Medicine Hat News

Case against COVID rules dismissed



A judge rejected a request Monday from two Alberta churches and three individual­s to temporaril­y suspend selected public-health rules to “save Christmas.”

The measures limit Christmas celebratio­ns to individual households, restrict weddings and funerals to 10 people and prohibit outdoor gatherings.

Premier Jason Kenney announced the stricter rules to try to bring down stubbornly high COVID-19 cases and to ease pressure on hospitals.

“When you were sworn in as a justice of this court you never contemplat­ed being ... the justice that would have the power to save Christmas, and that’s certainly what we’re asking you to do today,” lawyer Jeff Rath told Calgary Court of Queen’s Bench Justice Anne Kirker.

Rath said there isn’t any proof Canada is in the midst of a health pandemic. He also said Alberta’s chief medical officer of health, Dr. Deena Hinshaw, isn’t an expert on COVID-19, since the province doesn’t know where 80 per cent of cases have come from.

“This is not polio. This is not smallpox. This is not the Spanish flu. Healthy people are not dying from COVID19,” he said.

“Government has not provided the evidence that these orders will prevent harm.”

Kirker said the case had some merit and wasn’t vexatious. But she also said she wasn’t sure there has been irreparabl­e harm, so there wasn’t enough to persuade her to temporaril­y suspend restrictio­ns.

“The applicants have establishe­d with their evidence the benefit of allowing citizens of this province to gather and celebrate the holidays and to otherwise exercise unconstrai­ned their religious freedoms,” Kirker said in a 45-minute address to the court.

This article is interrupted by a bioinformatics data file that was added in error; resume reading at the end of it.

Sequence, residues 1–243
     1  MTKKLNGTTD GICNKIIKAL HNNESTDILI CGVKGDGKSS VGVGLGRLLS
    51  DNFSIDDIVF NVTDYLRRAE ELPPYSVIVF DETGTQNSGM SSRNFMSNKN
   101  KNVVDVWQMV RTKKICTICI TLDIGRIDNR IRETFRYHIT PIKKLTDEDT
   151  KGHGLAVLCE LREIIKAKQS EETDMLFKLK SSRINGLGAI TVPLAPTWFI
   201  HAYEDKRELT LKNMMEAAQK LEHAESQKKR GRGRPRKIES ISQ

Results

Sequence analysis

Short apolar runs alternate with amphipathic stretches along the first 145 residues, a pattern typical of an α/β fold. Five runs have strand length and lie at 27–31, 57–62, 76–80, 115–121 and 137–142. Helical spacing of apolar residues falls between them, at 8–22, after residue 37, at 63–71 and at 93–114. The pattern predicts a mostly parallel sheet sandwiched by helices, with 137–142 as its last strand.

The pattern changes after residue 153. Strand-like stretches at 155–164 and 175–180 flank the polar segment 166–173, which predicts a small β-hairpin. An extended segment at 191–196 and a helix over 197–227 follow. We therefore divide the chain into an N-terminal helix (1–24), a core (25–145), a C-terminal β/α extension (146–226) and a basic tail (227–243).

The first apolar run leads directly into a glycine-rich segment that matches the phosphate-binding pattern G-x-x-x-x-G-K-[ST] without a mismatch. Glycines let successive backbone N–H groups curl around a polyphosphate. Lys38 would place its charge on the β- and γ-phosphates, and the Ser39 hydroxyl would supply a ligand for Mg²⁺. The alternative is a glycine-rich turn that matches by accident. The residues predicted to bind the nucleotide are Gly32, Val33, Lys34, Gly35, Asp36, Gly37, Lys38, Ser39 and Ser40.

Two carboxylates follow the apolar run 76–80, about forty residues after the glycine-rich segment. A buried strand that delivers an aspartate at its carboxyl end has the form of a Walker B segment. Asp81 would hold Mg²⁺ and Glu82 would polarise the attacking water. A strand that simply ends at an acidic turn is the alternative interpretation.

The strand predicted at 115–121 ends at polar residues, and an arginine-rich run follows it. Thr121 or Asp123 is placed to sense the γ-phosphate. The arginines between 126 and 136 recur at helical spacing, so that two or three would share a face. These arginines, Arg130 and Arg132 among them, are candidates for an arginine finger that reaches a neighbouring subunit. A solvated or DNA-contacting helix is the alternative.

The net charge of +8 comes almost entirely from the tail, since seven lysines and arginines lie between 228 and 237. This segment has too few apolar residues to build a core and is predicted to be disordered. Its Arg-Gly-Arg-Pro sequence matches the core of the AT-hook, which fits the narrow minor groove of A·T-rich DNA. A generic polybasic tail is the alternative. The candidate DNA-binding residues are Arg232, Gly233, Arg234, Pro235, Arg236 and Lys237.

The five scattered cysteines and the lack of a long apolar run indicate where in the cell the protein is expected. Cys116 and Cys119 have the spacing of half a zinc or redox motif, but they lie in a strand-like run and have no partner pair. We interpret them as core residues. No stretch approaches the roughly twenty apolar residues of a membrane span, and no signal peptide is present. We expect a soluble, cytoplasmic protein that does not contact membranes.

“I hear and appreciate how difficult it is for the applicants and other members of the public, especially at this time of year, but I cannot find the public interest is served in granting this stay.”

Kirker said Hinshaw has been empowered to make decisions involving the health of Albertans and her position needs to be given proper weight.

“I must assume the restrictio­ns protect public health.”

James Kitchen, a lawyer for the Justice Centre for Constituti­onal Freedoms, argued the restrictio­ns violate the charter of rights and were imposed without consultati­on or review.

“Canada is probably the closest it has come to an authoritar­ian police state certainly since the advent of the charter,” Kitchen told the court.

The rights and freedoms of Albertans to show affection and care for each other has disappeare­d, he added.

“Systematic­ally dismantled over the last nine months, and not by a virus, but by the government overreach in reaction to the virus.”

Nick Parker, who represente­d the Alberta government, said Hinshaw has the authority to take action to keep the public safe.

“What I would suggest we are seeing is democracy in action in the middle of the biggest health crisis in the history of this province. It is what law-making looks like when we are at the most critical point in that crisis,” Parker said.

 ??  ?? Deena Hinshaw
Deena Hinshaw
 ??  ?? Jason Kenney
Jason Kenney

Newspapers in English

Newspapers from Canada